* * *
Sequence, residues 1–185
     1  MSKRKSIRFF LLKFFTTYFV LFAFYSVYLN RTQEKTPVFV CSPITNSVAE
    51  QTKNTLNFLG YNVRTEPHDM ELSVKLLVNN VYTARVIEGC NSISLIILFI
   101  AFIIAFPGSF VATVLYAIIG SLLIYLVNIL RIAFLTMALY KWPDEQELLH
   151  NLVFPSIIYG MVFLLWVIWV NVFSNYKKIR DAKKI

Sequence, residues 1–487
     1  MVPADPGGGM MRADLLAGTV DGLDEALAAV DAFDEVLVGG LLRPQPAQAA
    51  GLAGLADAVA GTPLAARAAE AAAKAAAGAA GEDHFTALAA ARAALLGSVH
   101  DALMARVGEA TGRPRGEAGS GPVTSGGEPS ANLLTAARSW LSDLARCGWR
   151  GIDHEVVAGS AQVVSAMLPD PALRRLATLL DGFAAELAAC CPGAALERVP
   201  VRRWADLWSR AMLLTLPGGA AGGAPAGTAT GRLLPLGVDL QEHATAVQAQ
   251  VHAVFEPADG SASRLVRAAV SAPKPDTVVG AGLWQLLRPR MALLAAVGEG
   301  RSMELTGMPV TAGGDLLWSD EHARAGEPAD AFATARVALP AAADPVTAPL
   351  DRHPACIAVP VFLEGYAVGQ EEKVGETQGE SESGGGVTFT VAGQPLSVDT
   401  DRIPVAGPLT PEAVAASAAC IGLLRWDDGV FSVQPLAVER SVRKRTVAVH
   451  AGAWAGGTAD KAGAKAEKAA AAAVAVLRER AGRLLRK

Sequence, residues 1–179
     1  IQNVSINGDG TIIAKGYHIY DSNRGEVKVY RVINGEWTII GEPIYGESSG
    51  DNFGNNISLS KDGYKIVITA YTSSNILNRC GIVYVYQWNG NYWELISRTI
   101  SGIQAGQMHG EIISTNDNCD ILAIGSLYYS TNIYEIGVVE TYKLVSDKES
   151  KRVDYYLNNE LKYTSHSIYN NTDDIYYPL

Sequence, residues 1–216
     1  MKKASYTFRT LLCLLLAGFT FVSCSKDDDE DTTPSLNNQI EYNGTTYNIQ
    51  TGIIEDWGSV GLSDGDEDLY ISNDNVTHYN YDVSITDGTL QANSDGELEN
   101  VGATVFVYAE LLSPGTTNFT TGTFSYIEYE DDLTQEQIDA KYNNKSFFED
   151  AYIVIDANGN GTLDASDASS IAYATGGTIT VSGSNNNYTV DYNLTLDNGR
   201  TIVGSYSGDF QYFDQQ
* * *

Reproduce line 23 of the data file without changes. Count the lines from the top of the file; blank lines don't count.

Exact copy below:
     1  MKKASYTFRT LLCLLLAGFT FVSCSKDDDE DTTPSLNNQI EYNGTTYNIQ